Washington Lawyers’ Committee, American Council of the Blind and Pillsbury Winthrop Shaw Pittman LLP File Lawsuit Against D.C. Taxicab Companies for Refusing to Pick Up Blind Passengers with Service Animals

(Washington, DC) – The Washington Lawyers’ Committee for Civil Rights and Urban Affairs and Pillsbury Winthrop Shaw Pittman, LLP announced today that they have filed a lawsuit on behalf of Eric Bridges and the American Council of the Blind (ACB) against four taxicab companies in the District of Columbia for discriminatory practices against visually impaired individuals accompanied by service animals.

The complaint, filed in the Superior Court of the District of Columbia, alleges that Yellow Cab Company of DC, Inc., Grand Cab Company, Elite Cab Association, and Pleasant Taxi Club, LLC, all engaged in discriminatory practices when their drivers failed to pick up Eric Bridges, ACB Director of External Relations and Policy and an ACB member, who was hailing a cab with his service dog, General. This discriminatory treatment is all too common for blind and low-vision passengers who use service animals. As soon as taxi drivers see the service animal, they frequently drive by or refuse to pick up the passenger outright.

Press Conf-Disability Rts Taxicab Filing 3 16 15 14Matthew Handley, Director of Litigation at the Washington Lawyers’ Committee, commented, “The incidents alleged in the complaint are just a few examples of the systemic discrimination that blind individuals with service animals face on a daily basis. Like anyone else, blind persons depend on taxis and public transportation to get to work, meetings, and other daily activities. Equal access to public transportation and transportation services is a fundamental right under the DC Human Rights Act and Americans with Disabilities Act. The Cab Company Defendants have all contributed to this systemic discrimination and illegal activity by engaging in, and allowing their drivers to engage in, a pattern and practice of discrimination. This is not acceptable and will not be tolerated.”

Said Plaintiff Eric Bridges, Director of Advocacy and Governmental Affairs at the American Council of the Blind: “I often use taxis for business and personal travel. It is upsetting to have to stand outside on a cold, hot, or wet day and wait 40 minutes for a cab to stop for you simply because they don’t like your professionally trained dog, which is a mobility aid for the blind. Furthermore, not being able to see who is deliberately passing you by and report the incident because you can’t see the cab number or driver is frustrating. I am so glad that the filming done by WUSA9 has brought this issue into the public eye.”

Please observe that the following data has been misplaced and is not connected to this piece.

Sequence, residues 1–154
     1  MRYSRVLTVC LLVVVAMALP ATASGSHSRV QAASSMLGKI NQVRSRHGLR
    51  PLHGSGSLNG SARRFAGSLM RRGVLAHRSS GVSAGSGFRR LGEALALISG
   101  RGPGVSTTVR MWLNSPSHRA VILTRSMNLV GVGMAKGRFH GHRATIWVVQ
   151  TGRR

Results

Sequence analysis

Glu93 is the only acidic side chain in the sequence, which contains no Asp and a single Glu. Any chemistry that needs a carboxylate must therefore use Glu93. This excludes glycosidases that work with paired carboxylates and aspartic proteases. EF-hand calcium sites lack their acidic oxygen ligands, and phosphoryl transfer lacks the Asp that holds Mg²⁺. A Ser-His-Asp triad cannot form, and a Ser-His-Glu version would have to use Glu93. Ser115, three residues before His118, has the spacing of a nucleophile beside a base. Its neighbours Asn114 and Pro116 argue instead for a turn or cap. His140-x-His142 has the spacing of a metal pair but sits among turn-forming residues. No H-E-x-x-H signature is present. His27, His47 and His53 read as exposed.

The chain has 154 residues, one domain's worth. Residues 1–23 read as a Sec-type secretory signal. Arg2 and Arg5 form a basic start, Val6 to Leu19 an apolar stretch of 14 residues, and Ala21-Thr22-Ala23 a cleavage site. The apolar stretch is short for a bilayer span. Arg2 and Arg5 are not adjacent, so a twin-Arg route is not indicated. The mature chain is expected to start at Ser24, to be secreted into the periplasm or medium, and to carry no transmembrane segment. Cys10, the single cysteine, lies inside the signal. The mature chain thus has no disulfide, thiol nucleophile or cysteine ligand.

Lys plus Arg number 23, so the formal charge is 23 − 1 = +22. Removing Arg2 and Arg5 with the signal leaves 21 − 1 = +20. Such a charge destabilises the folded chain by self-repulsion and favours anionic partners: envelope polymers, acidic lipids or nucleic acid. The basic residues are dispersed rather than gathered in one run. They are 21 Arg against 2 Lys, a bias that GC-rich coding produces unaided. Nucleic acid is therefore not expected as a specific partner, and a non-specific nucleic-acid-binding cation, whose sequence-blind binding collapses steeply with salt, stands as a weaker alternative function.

Added ACB Executive Director Melanie Brunson, “The American Council of the Blind is glad to be a part of this lawsuit on behalf of the blind in the District. People come to DC from all over the country to attend conferences, advocate on the Hill, and as tourists. DC should be the gold standard for equal treatment and opportunity, including access to transportation services for the blind.”

In 2010, the Equal Rights Center (ERC), a national non-profit civil rights organization in DC, completed a study of taxicab hauling practices for blind individuals entitled, No Dogs Allowed: Discrimination by D.C. Taxicabs against People who use Service Dogs (2010). The ERC report concluded that there is a 50% rate of refusal of service for blind individuals with service dogs in DC. The ERC report further concluded that this discriminatory conduct requires a three-pronged response: periodic testing to ensure compliance by drivers, training of drivers and certifications that they will comply with the law, and enforcement of penalties against drivers and their taxicab companies for violations.

Taxicab companies are prohibited under federal and state law from discriminating on the basis of a disability such as blindness. Drivers are explicitly prohibited from refusing to pick up passengers with service animals. The complaint filed today is based on four incidents caught on camera by WUSA Channel 9 in a report on discrimination by taxicabs in the District of Columbia. The drivers at issue were videotaped passing Mr. Bridges and his service animal and stopping for an adjacent passenger who was sighted and did not have a dog accompanying him. The blatant discrimination seen on these videos is particularly shocking because blind individuals cannot see it themselves, nor can they identify the drivers or cabs that are passing them by.

Among other remedies, the lawsuit seeks to establish an annual random testing protocol for taxicabs in the District of Columbia. It cites recent operations run by the DC Taxicab Commission, the Anonymous Riders Program, which revealed systemic discrimination against blind individuals with service animals in the District.

Copies of the complaint are available online HERE.

Media Highlights:



Matthew Handley, Director of Litigation, Washington Lawyers’ Committee,
matthew_handley@washlaw.org; 202-319-1000

Melanie Brunson, Executive Director, American Council of the Blind,
mbrunson@acb.org; 202-467-5081

Matthew MacLean, Partner, Pillsbury Winthrop Shaw Pittman LLP,


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